EXCLUSIVE: ‘I’ve had enough’ says disabled Cookstown woman affected by KFC build

Workmen at old Rodney Cole site in Cookstown, where new KFC will be located. INMM3814-400
Workmen at old Rodney Cole site in Cookstown, where new KFC will be located. INMM3814-400

A house-bound disabled woman living in the wake of construction works for a KFC she spent 18 months opposing said she now feels like she has no other option but to leave her home of 14 years.

Diane Sprake, who suffers from a raft of serious health problems including ankylosing spondylitis, which has caused bones in her neck and spine to fuse together, and lupus, spends much of her life at home and can only go out with the aid of a mobility scooter.

The 59-year-old, who needs a lot of sleep - a symptom of her condition - told the Mail ongoing noise from construction works directly behind her house have made her life unbearable, affecting her sleep, health and mental wellbeing.

Hitting out at planners, she said: “On Bank Holiday Monday at 7am they cut the gates down and started work - no notification at all.”

Diane said she and others had opposed the KFC over concerns about noise and odour pollution, extra traffic and the eatery’s opening hours, which have now been scaled back to 11am-11pm - still too late according to Diane.

But she said she is most upset that after her opposition no-one told her the fight had been lost.

Feeling let down, she added: “We were not spoken to, and were treated as if we’re not really that terribly important.

“That’s what it comes down to essentially - we argued and argued, and it came to nothing in the end.

“I’m as depressed by the fact that we lost the battle, as by the ongoing noise and the fact that we’ve been let down.

Diane went on to tell this paper, how, from a daily rising time of 11am, she now wakes shortly after builders start working around 7am and that this has really affected her.

“I’m just aggravated and I’m very sore,” she said.

“I’m not enjoying my life, I’m not enjoying my house. I don’t use my garden anymore, that’s from I knew this was coming. I lost interest in it.

“It used to be that I had a little bit of pride in it and I would sit out there in the space.

“I do have a very nice space out there, but it’s just noisy,” she added.

“I intend to move out - I’m not going to stay. I’ve had enough now.”

Diane also said she is very worried for the future of Cookstown if it is to follow towns across the UK in welcoming multi-nationals.

“The bit that really peeves me is the broader picture of what this town’s becoming,” she said.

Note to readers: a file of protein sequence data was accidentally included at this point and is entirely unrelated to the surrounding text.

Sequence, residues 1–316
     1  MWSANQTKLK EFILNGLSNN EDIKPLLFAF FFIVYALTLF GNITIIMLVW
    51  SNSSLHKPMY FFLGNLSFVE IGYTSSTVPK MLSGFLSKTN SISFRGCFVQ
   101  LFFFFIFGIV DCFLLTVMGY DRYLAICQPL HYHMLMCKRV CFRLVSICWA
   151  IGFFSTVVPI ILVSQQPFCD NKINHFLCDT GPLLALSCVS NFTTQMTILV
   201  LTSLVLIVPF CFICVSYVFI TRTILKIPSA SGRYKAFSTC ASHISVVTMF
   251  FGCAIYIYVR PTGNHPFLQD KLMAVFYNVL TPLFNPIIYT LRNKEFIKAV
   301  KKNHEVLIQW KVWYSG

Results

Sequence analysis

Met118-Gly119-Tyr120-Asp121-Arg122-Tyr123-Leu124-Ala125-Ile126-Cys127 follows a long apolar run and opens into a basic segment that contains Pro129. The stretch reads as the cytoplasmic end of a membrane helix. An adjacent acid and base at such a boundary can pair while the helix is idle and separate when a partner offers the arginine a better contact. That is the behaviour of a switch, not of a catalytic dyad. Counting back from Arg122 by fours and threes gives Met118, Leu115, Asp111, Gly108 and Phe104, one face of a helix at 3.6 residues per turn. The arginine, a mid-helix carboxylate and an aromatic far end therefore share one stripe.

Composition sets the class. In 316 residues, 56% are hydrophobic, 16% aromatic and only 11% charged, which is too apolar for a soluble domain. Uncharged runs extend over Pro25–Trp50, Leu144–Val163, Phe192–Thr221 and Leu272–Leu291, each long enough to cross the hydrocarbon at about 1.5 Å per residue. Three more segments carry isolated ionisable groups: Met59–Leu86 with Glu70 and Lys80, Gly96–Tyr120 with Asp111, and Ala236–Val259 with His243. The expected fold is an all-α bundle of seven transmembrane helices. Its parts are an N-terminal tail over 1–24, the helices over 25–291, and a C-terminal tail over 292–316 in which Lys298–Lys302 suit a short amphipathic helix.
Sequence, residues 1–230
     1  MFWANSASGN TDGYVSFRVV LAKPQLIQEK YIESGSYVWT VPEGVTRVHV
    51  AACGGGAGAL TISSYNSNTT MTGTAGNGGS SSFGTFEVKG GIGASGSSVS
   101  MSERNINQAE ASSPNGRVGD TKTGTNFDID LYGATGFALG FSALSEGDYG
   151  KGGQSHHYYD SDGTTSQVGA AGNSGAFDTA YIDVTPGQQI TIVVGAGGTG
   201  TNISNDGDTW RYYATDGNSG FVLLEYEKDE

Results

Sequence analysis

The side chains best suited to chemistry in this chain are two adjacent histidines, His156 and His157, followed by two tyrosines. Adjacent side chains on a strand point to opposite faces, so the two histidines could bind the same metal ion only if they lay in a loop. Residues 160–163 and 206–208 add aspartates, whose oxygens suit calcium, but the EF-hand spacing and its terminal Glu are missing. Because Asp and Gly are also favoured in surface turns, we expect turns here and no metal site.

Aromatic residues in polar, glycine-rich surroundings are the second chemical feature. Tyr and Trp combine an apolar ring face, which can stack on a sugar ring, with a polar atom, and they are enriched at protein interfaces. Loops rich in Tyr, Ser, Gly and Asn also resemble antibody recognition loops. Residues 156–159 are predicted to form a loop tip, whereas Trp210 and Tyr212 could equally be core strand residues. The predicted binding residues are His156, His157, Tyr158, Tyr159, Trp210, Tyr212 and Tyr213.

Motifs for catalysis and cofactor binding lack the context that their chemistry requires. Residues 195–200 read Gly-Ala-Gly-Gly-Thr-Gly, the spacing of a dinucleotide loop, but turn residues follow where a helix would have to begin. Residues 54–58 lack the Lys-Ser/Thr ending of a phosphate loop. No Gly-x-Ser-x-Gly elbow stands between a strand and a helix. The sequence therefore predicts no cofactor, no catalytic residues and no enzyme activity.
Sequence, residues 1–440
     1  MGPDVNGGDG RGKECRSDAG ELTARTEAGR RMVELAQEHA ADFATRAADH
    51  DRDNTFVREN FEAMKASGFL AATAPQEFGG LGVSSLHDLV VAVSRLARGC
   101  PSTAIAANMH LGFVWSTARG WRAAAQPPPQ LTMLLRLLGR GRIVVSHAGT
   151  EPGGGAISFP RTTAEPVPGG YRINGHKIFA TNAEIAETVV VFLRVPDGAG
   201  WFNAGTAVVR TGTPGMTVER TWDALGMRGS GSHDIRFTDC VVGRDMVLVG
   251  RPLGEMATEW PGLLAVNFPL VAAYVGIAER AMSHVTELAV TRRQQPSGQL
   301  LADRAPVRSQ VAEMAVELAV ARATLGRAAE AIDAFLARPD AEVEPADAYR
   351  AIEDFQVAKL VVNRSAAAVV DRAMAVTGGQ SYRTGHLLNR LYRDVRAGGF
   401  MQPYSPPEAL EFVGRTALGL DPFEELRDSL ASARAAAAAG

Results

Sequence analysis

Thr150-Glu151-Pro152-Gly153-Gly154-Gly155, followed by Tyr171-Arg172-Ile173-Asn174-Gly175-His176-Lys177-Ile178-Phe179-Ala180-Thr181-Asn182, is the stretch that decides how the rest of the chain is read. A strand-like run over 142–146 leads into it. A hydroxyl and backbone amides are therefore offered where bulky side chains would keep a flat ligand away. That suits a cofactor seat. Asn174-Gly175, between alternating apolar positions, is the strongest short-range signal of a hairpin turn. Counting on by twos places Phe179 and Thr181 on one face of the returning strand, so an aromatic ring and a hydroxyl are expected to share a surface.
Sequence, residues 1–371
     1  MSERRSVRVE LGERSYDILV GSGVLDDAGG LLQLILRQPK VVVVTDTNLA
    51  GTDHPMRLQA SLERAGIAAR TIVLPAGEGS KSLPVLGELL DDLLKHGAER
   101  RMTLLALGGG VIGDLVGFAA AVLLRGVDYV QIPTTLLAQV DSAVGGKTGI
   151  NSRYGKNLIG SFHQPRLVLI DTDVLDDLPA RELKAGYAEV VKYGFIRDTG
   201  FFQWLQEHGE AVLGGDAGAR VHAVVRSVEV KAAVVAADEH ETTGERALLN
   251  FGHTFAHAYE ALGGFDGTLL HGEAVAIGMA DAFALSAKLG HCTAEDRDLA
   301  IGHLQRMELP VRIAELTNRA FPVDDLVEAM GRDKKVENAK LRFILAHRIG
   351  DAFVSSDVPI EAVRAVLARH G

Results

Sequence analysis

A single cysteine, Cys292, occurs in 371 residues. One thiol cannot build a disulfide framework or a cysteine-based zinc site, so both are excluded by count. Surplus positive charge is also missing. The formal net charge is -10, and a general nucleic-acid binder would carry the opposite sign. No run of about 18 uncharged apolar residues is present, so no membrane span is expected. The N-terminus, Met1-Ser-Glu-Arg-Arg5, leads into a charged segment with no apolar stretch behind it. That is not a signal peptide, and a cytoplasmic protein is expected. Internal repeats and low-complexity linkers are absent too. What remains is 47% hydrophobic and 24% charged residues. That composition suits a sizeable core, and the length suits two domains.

“When you go into other towns, and as you come to the edge you see Lidl and Asda and they all look the same.

“This little place used to be kinda cute,” she added, “you come past a pretty roundabout with flowers and into the retail capital of Mid Ulster and what do you see? - ‘McDonalds, KFC’.

Diane said she really wished other uses for the site had been considered.

“This area is a mile from town,” she said, “and we don’t have a pharmacy down here.”

In response to Diane’s points, a DOE spokesperson said: “The Planning Department issued letters on the 10th July 2014 to all those who had formally objected to application I/2013/0377/F (restaurant with drive-thru) informing them that the application had been approved.

“Diane Sprake of Gortalowry Park, Cookstown would not have got a letter as her signature was part of a petition, therefore the lead objector on the petition would have been the only one to receive a letter.

“There are no planning restrictions on the permission restricting construction hours. Unacceptable noise nuisance will usually fall within the remit of the local Environmental Health Department to investigate and take appropriate action, if felt necessary.

“No planning applications have been submitted on the site for any alternative use since the closure of the car showroom which previously occupied the site.”

Director of Environmental Health & Building Control, Mark Kelso, told the Mail that various changes had been made to the initial plans following a series of consultations.

“These include the installation of an appropriate noise reduction barrier between the commercial premises and the adjacent residential properties.

“The use of noise and odour control systems to minimise the impact of noise breakout and/or odour to neighbouring residential properties.

And “The setting of specific hours of trading during which the premises will be permitted to trade (11.00 am – 11.00 pm).

“Following Ms Sprake’s complaint,” he added, “Officers from the Department have carried out monitoring visits and will continue to ensure that there is minimal interference from construction noise on-site, as required for a development of this nature.”

KFC were also asked to comment, but had not replied by the time this went to print.